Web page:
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The one that shrouded the highest point in a village rising from a castle, all of it adrift in the Mediterranean Sea (after missing the last ferry back, while drinking local wine and eating rosemary biscotti with an idealistic couple from Verona, who love opera and linguistics and wish cruise ships would stop docking in Venice).

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The one that streaked, chemically colored, across a flat sky in an unknown, industrial town, where we stopped for a patio after hours hiking the Alps. We were starving, and there was a crowd. It was, undoubtably, the best aperitif spread in town. We only bought the wine for the free sandwiches and pasta.

The first one solo, orange and yellow over the Umbrian hills, surreptitiously absorbed from the rocky overhang of a cliff on the wrong side of the autostrade railing.

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The one that painted the Tuscan mountains, leaning fast into cut-away curves from the back of a motorbike, riding the thrill of breaking into an abandoned hospital with, essentially, a total stranger. Cold wind, sheer drops and rosy patchwork vastness.

The second solo: warm drape over red-clay roofs of Lucca and the purple hills beyond.

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The throngs of tourists snapping photos of mauve-tinged roofs and bridges from Piazzale Micheangelo, dangling high over River Arno.

The last one, an elegant stillness settling over the domed, mist-softened magnificence of Florence, as viewed from the deserted streets of Fiesole.

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(More adventures and visuals to come…)

Wakarusa 2014

To see the rest of my pics, go here.

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Wayne Coyne seems a bit of a tool, but maybe narcissism is a pre-requisite for spectacle-creation?

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Air Dubai, this Colorado hip-hop fusion band, was fantastic.

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Alexander Sharpe & the Magnetic Zeros were kinda lame, but at least there was crowd participation. For a crowd-sourced story that made 60,000 folks cry, see the last video of this post.

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Toby (from Dr. Dog) sat on a random guy. Then a random girl sat on Toby. He looked bewildered. Wonder if his wife’s the jealous type?

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I don’t know this guy. I just liked the way the picture turned out – the mood and the aperture and such.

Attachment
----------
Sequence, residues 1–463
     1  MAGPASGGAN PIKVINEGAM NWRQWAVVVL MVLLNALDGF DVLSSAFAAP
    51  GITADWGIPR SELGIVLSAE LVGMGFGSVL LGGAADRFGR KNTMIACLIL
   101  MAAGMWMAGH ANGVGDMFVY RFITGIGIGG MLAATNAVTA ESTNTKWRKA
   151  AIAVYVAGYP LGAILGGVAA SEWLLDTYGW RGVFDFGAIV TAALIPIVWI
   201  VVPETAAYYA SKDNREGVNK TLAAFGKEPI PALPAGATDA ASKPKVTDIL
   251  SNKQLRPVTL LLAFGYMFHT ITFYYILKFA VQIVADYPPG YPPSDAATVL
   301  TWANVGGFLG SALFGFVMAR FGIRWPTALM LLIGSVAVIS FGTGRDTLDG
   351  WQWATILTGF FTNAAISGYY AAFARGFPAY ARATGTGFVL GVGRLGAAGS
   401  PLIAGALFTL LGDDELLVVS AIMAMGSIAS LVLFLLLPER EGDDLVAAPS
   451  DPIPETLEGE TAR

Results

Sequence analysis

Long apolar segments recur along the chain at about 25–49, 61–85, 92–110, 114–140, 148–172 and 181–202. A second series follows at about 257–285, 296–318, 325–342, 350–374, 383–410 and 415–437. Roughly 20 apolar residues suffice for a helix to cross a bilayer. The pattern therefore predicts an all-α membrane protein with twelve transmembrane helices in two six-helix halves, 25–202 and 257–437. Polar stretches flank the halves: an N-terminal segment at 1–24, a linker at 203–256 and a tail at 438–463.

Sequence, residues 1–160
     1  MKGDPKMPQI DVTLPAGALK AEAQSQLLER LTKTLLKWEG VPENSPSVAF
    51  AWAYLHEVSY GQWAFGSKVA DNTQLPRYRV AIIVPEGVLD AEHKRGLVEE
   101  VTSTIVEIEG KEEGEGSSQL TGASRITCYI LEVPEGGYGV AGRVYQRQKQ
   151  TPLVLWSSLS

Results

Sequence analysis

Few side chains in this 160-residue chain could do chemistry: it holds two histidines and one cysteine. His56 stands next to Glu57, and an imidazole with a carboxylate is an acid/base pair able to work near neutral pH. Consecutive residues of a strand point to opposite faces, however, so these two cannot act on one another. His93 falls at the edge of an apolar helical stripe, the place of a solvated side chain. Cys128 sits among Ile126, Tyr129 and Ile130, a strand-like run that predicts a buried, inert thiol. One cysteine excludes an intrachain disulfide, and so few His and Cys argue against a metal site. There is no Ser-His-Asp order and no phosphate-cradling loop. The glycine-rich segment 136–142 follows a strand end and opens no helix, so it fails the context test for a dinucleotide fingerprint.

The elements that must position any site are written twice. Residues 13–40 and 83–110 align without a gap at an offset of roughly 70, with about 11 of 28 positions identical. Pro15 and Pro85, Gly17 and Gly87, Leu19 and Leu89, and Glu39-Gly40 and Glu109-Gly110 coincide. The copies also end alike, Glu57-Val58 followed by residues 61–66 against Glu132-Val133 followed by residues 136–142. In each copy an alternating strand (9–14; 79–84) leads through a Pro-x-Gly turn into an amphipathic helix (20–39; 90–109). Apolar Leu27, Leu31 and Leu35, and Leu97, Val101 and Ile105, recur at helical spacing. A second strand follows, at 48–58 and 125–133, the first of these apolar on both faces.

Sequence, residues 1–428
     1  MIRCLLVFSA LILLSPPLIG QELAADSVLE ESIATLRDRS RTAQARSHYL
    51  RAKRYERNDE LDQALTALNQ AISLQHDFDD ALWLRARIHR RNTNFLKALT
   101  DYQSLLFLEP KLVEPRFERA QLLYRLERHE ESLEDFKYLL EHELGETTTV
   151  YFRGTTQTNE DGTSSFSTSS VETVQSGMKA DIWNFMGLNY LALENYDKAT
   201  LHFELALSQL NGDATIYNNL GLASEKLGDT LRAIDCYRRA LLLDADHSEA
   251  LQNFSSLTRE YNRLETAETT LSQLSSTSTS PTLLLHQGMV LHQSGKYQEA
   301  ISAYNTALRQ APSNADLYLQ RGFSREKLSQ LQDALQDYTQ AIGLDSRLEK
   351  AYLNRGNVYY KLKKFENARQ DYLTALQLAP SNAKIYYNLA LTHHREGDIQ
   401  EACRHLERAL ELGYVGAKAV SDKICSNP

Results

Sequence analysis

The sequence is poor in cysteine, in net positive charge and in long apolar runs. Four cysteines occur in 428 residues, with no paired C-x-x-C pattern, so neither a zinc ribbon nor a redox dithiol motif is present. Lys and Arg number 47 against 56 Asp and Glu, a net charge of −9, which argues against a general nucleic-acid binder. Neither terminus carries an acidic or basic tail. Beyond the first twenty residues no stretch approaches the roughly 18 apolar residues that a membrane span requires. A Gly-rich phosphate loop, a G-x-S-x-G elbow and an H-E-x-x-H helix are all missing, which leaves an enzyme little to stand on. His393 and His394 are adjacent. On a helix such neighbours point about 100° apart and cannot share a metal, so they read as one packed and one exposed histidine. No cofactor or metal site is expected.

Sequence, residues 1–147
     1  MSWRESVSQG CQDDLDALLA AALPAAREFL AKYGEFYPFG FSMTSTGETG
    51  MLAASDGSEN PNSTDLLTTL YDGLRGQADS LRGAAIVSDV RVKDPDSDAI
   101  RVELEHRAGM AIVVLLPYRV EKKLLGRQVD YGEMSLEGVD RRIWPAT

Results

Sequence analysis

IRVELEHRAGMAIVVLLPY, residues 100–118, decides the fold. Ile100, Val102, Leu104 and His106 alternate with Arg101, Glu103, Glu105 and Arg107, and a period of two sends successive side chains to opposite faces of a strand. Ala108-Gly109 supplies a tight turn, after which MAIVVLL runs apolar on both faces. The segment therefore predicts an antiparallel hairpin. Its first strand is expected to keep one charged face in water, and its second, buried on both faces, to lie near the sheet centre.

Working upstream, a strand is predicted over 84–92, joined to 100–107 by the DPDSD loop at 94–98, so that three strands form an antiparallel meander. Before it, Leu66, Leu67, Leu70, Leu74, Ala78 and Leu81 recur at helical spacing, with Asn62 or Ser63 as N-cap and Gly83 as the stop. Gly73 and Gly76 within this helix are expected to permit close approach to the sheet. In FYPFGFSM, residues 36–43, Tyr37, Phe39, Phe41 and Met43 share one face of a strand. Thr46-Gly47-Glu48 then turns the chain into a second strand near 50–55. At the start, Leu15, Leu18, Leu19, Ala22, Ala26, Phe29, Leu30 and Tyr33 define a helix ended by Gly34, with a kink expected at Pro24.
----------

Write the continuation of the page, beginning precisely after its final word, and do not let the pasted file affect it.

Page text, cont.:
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Reignwolf. Best. Set. Ever.

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Yep, there was a ferris wheel. And Arkansas’s take on north (midwestern) lights.

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There were boobs and lots of butt cheeks. This is the most fleshy photo of my lot, because taking pictures of strangers, even strangers who choose to be naked in a crowd of 23,000, felt too creepy. Maybe I will overcome my puritan roots and emerge with way-better flesh pics next year?

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Alex Ebert changed this guys life. Apparently.

Memphis music and Mack City

Fun facts: If you brush corn starch through your hair every few days, you never have to wash it.

There’s an entertainment district in Memphis called The New Mack City. You’ll know you’re there when everything around you is yellow and green. (It’s a bit like Oz, y’all).

We stumbled upon a Mouserocket show at Black Lodge Video in Memphis’s midtown. It was actually a DVD release party for Mike McCarthy’s 2009 film, Cigarette Girl. (From what I gather, smokers must live in the ghetto, a scantily-clad, leggy lass deals cigs to addicts-in-hiding, who still live in the fancy part of town and there’s lots of Tarantino-style action.)

Mouserocket, currently one of my favorite bands, is a decade-old collab between garage-punker Alicja Trout, Big Ass Truck’s Robby Grant (who freakin’ shreds on guitar), drummer Robert Barnet (also of Big Ass Truck), a bass player (the world-wide-web says Hemant Gupta?) and Jonathan Kirkscey, the Memphis Symphony Orchestra cellist who did the music for Cigarette Girl and Black Snake Moan.

Hanna Star also played a set. She’s Mike McCarthy’s 15-year-old daughter, who has pink hair and braces, a pretty, shivery voice, puberty-meets-nursery rhyme lyrics and sparse but catchy guitar bits. (We saw the stripped down version, just Hanna and a guitar. It was less poppy and frankly, more interesting, than what you’ll find online.)

And before Black Lodge, Pat Sansone (of Wilco by way of Mississippi) played with Jody Stephens (drummer and last surviving member of Big Star) and a rotating collective of other folks that we didn’t recognize. It was a free show in Overland Park, and the sound was fantastic. They went through all of Third and a lot of stuff off Big Star. They also played several Chris Bell songs, bringing out Richard Rosebrough, the original drummer for “I Am the Cosmos.” The finale? “The Letter” by the Boxtops. Pretty perfect, right?

Here’s my unsatisfying Mouserocket clip (card ran out of memory):

Here’s my even less satisfying clip of Stephens & Co.’s “September Girl”:

Here’s what Mack City looks like (more after the jump):

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Rainy Sunday marathon

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No Facebook. In fact, no mention of internet at all (which, if they had it, was surely AOL dial-up). No cell phones and not even multiple land lines. Only beepers and subway tokens (ha, tokens) and a young Eddie Vedder with a terrible band name (Reigndance?), and a Mazzy Star/Suzanne Vega siren, stylistically and emotionally preserved somewhere between Parker Posey in Party Girl and Winona Ryder in Reality Bites, and a lady rapper befriending a gal from Alabama, the latter an obvious product of neighborhood dance competitions in chain-hotel ballrooms (cut to the spandex short-and-bra set), and a smart, hyper-defensive poet, a bisexual artist, some lava lamps and chiseled abs and a frat-boy haircut, a respectful exchange with a homeless drug addict, earnest discussion and, believe it or not, authenticity.

Thanks MTV. Thanks Hulu.